Briefing for Oct. 25 STEREO launch
23 October 2006
ATTENTION: Science editors, producers
Robert Sanders, Media Relations
NASA pre-launch press briefing and live video viewing of the launch of the Solar TErrestrial RElations Observatory (STEREO) mission - an exploration by twin spacecraft of massive explosions on the sun that can disrupt communications on Earth and endanger the lives of astronauts.
One suite of instruments aboard STEREO was built at the University of California, Berkeley's Space Sciences Laboratory.
NASA will hold a pre-launch press conference and mission science briefing at Cape Canaveral in Florida tomorrow, Tuesday, Oct. 24, that is accessible to reporters by phone at 10 a.m. PDT (1 p.m. EDT). Dial (321) 867-1260 or (321) 867-7135.
On Wed., Oct. 25, starting at 5 p.m. PDT, media are invited to UC Berkeley's Space Sciences Laboratory to view a live NASA feed of the launch. STEREO's launch window is between 5:38 to 5:53 p.m. PDT.
Wednesday's viewing event is in the main conference room of the Space Sciences Laboratory. The lab is at 7 Gauss Way in the hills above the UC Berkeley campus. For directions, link to http://www.ssl.berkeley.edu/about/visiting.php.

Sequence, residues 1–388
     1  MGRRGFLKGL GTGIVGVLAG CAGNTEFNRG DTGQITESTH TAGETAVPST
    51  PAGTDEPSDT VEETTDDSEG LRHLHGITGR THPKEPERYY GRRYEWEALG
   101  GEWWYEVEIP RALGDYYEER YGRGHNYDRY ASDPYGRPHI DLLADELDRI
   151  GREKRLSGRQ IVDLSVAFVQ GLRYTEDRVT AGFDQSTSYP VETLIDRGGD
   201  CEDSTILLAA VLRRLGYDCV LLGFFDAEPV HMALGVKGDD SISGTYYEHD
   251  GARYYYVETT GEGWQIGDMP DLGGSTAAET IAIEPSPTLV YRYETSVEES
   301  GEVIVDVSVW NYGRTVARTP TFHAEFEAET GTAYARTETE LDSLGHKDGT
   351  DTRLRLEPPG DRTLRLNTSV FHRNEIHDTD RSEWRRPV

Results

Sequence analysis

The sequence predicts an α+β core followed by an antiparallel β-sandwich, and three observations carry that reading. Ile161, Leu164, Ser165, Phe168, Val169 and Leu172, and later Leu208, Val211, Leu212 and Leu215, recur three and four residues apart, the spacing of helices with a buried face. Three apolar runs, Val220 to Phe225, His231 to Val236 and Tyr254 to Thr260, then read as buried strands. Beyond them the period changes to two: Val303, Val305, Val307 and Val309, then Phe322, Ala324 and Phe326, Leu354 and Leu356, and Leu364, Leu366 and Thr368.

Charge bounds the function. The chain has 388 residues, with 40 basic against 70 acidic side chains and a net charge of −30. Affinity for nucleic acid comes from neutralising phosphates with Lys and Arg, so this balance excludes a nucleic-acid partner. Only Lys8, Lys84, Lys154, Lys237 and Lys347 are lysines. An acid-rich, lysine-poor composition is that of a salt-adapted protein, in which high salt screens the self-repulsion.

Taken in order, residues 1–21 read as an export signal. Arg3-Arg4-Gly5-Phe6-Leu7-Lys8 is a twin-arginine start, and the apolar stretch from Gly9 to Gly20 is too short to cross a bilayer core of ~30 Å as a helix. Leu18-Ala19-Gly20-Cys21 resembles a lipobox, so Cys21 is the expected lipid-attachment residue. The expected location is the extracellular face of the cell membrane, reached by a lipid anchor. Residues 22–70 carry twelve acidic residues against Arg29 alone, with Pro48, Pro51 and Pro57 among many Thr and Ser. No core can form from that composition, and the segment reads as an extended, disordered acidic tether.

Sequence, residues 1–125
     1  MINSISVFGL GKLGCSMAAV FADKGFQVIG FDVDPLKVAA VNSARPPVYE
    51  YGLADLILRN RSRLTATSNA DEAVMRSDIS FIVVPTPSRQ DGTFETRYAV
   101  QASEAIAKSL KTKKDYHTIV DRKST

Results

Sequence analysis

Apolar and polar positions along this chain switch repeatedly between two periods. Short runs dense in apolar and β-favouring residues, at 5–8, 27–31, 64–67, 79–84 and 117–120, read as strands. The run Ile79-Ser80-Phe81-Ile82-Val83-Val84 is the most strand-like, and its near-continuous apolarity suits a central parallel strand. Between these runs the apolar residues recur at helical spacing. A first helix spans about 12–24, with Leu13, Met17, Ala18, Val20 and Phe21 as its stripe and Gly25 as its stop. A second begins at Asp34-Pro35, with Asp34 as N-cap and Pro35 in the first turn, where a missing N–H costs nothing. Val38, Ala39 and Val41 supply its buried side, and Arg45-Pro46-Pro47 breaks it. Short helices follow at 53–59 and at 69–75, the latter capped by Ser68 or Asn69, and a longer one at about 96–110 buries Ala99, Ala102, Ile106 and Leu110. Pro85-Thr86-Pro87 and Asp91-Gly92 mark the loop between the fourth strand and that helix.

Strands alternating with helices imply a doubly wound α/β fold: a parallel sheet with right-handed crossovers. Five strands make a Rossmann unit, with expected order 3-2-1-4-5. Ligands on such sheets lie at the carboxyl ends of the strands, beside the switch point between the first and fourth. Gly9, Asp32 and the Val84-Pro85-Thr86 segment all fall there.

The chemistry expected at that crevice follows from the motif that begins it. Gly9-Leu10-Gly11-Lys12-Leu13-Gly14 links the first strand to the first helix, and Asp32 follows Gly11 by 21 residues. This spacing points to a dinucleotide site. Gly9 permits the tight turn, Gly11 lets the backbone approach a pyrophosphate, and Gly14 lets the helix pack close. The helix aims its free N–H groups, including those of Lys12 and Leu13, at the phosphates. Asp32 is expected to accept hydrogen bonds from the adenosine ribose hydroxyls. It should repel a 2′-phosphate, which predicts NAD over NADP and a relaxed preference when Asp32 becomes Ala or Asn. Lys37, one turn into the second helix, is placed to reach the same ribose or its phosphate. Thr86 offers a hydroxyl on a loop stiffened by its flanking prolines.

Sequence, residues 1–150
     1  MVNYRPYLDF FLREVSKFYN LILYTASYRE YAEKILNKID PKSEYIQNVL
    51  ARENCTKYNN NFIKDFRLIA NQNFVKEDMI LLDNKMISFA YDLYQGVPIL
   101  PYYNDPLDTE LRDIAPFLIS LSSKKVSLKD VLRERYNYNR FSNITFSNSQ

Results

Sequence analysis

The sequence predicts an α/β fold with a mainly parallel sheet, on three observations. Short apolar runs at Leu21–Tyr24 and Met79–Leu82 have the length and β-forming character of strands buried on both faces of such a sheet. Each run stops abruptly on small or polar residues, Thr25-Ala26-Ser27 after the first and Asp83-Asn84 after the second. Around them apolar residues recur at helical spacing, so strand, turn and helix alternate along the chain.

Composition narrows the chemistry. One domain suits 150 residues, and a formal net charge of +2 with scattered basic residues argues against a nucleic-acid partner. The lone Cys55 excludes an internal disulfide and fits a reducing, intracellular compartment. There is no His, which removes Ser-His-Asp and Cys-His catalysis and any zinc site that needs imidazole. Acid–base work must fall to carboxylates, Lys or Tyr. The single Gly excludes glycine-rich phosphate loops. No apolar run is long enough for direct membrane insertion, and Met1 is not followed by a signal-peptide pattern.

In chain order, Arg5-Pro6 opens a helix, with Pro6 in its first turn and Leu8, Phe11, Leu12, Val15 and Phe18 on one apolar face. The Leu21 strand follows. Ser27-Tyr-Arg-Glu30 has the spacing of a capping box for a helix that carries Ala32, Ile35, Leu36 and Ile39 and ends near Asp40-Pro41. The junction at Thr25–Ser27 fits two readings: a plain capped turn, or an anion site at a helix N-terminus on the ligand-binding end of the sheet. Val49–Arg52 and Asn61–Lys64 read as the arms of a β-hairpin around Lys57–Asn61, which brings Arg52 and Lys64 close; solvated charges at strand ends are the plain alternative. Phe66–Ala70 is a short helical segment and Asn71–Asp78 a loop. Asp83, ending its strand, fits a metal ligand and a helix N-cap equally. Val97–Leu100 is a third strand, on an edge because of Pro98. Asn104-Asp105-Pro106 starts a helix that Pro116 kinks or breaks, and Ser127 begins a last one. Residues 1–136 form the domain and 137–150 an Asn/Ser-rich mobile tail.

STEREO co-principal investigator Janet Luhmann, a Space Sciences Laboratory research physicist, will participate in Tuesday's NASA mission science briefing from Florida.
Available on launch day (Wed.) at the Space Sciences Lab will be:
Robert Lin, lab director and UC Berkeley professor of physics
Davin Larson, research physicist and solar wind expert
Laura Peticolas, education specialist and aurora physicist
Bryan Mendez, education specialist and astronomer
STEREO consists of two separate satellites that will be launched into orbit around the sun to provide a stereoscopic view of solar activity, in particular the huge coronal mass ejections that fling particles at Earth and create storms in space.
Janet Luhmann of UC Berkeley's Space Sciences Laboratory led the team that designed and assembled a suite of instruments aboard STEREO - In-situ Measurements of Particles And CME Transients (IMPACT). It measures the energy of electrons and ions from the sun and the intensity of the sun's magnetic fields.
Reporters interested in viewing the live video of the launch and interviewing scientists about the mission objectives should R.S.V.P. to Robert Sanders, (510) 643-6998.